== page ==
There’s also reggae from Pakistani duo Arif Lohar & Meesha Shafi, trip-hop from Transglobal Underground and the Indian trio M. Abdul Gani, M. Haja Maideen & S.Sabur Maideen, and a surprising lo-fi dub reggae remix of a Nusrat Fateh Ali Khan number that actually beats the original. As with all the recent Rough Guide compilations, this is made even more enticing by the inclusion of a bonus cd, the Rough Guide to the Sufi Fakirs of Bengal, which has never before been available outside India. Literally a trip back in time, it’s a mixture of the blissful and the wary, with lute, flute, percussion and layers of vocals from a rotating cast of singers.
Hello from Halifax! Montreal was a blast; we’ll see what the Maritimes have in store for us. More about Montreal momentarily; in the meantime, as we do every day, our 1000 best albums of all time countdown continues all the way to #1. Monday’s album is #582:
Kayhan Kalhor, Shujaat Husain Khan and Swapan Chaudhuri – Ghazal: Lost Songs of the Silk Road
This landmark 1997 cross-genre collaboration put “silk road music” on the global map. The medieval mercantile trail from Asia, through the Middle East, to Europe, brought a lot more than spices, fabric and luxury goods: it was arguably the world’s most important bridge for musical cross-pollination. Here, Iranian Kayhan Kalhor, one of the most important and compelling composers of this era, plays the kamancheh, the rustic, plaintive spike fiddle. Khan is a renowned sitar player, Chaudhuri a percussionist. Revisiting the centuries-old trail, they blend classical Indian and Middle Eastern sounds into a hypnotic, often haunting mix. The big epic here is the almost twenty-minute Saga of the Rising Sun, which is the most overtly Indian of the compositions; the concluding Safar (Journey) is the most Iranian. In between, the almost half-hour of Come with Me and You Are My Moon are a showcase for these great musicians branching out into unfamiliar territory and achieving mesmerizingly intense results. We were only able to find torrents for the whole album in two parts, here and here.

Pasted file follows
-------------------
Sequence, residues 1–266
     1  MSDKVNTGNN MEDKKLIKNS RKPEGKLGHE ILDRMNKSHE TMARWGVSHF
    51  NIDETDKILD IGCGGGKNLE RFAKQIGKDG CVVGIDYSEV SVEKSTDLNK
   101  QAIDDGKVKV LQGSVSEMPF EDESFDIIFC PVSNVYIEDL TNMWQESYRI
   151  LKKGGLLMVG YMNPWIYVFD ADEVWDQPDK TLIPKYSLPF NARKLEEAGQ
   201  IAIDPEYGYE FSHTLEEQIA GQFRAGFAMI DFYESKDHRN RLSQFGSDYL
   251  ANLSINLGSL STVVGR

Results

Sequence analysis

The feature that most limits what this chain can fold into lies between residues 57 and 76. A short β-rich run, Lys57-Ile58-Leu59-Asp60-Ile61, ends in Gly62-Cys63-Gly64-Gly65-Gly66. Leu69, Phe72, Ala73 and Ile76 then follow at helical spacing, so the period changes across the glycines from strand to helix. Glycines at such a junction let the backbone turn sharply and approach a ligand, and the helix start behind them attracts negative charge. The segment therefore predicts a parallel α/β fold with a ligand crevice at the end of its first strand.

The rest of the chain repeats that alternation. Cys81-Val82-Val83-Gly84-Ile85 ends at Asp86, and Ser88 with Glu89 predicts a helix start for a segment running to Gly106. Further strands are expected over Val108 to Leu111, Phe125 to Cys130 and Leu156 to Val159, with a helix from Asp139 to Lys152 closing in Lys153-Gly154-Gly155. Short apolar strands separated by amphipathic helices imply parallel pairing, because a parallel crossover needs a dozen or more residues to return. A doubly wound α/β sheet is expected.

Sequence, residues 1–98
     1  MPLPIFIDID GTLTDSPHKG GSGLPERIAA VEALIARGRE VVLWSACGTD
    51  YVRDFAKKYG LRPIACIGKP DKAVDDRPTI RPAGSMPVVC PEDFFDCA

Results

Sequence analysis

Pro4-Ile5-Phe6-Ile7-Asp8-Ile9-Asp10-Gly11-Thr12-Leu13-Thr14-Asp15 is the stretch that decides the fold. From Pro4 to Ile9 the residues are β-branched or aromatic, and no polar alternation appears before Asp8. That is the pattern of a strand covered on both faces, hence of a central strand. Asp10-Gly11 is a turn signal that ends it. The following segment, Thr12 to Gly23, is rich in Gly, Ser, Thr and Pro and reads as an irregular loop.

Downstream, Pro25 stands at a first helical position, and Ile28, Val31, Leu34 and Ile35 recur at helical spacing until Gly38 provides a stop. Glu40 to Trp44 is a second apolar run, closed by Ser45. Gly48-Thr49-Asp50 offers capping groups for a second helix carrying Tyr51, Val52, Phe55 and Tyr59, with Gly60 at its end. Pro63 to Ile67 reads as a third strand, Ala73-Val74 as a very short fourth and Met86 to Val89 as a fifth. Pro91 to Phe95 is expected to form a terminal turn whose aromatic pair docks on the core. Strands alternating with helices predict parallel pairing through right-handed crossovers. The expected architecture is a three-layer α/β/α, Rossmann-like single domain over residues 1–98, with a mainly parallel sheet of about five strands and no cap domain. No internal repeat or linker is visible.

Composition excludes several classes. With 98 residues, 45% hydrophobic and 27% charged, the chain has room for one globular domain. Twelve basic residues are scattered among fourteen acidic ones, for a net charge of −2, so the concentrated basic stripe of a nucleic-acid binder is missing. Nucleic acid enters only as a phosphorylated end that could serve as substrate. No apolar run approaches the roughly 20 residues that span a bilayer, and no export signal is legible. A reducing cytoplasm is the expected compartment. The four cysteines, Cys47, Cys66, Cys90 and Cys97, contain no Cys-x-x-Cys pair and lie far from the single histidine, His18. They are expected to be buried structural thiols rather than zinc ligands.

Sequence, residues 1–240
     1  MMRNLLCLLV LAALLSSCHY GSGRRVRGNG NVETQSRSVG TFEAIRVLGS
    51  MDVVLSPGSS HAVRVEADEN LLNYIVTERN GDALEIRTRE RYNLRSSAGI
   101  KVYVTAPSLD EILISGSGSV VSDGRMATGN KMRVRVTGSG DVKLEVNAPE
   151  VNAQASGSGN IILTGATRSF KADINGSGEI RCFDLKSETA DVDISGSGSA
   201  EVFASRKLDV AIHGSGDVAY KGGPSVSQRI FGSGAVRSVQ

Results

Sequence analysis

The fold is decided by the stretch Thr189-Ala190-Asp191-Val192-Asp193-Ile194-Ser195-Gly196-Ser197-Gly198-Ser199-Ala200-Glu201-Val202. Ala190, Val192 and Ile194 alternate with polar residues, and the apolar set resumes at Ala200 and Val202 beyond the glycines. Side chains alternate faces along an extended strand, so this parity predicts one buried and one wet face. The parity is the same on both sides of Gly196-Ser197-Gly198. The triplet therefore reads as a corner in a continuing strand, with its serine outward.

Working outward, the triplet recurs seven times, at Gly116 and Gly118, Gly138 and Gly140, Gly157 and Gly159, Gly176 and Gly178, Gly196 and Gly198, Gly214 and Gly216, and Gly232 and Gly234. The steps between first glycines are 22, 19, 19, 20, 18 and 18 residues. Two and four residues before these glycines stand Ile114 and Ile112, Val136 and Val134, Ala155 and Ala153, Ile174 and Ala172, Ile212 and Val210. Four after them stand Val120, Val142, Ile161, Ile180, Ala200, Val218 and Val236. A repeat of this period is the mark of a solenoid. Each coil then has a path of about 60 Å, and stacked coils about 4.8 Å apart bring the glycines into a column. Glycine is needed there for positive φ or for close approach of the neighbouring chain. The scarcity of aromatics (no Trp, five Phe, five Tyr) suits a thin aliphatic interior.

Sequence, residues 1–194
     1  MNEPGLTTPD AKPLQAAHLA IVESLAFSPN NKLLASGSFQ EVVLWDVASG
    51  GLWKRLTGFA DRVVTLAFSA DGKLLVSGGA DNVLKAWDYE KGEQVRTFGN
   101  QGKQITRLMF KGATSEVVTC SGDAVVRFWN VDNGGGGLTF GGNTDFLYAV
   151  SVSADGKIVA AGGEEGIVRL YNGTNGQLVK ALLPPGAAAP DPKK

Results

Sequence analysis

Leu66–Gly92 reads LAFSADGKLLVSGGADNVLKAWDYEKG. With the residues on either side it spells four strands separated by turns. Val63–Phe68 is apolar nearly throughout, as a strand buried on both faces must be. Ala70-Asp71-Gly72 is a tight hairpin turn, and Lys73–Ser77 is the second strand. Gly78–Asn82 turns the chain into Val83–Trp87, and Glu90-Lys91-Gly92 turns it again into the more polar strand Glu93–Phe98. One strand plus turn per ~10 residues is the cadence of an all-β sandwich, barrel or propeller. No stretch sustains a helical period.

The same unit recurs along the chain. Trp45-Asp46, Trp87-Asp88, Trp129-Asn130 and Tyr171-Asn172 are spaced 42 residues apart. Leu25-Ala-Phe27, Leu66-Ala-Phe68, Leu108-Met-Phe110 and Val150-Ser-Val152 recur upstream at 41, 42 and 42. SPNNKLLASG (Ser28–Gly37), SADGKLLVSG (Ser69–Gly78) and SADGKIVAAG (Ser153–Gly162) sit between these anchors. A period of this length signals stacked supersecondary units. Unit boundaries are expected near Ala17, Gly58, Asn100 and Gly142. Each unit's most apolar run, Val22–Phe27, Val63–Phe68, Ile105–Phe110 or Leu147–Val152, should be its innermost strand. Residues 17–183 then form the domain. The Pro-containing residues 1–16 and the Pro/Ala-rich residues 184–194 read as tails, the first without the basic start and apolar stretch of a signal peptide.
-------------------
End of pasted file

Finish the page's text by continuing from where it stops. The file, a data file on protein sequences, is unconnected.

What if you could blend the hypnotic otherworldliness of classical Indian music with the lush melodicism of European classical music? That possibility comes to life on the new album Samaagam, a groundbreaking collaboration between Indian sarod virtuoso Amjad Ali Khan and the Scottish Chamber Orchestra conducted by David Murphy. For those unfamiliar with the instrument, the sarod (sort of) is to the sitar what the mandolin is to the guitar – it has less resonance, with more emphasis on the upper register. Amjad Ali Khan is one of the world’s great masters (his website is sarod.com); on this album, he begins with three abbreviated versions of classical Indian ragas, followed by the epic title suite. The ragas set the stage, each of them clocking in at a relatively brief seven minutes or so: the first an apertif of sorts, the second more aggressive with insistent staccato passages and the last the most complex and suspenseful.
The title piece, meaning “village meeting” in Sanskrit, is a concerto for sarod and chamber orchestra with terse, even minimal tabla rhythm, a fascinating and richly beautiful mix of Indian and Western melodies. Much of it evokes earlier Western music inspired by the sounds of India, specifically the late 60s rock of the Grateful Dead and Moody Blues. Rather than an integral suite, it’s actually a pastiche of new and older material: for example, the first two sections debuted in Indian in 1992, the third in 1964. Throughout the work, the orchestra shifts through rhythms that probably have never been attempted before with a Western orchestra, but Murphy leads them seamlessly, whether on their own or in tandem with the sarod. Likewise, they switch between the melismas of Indian music and the crisp Western dynamics with equal aplomb.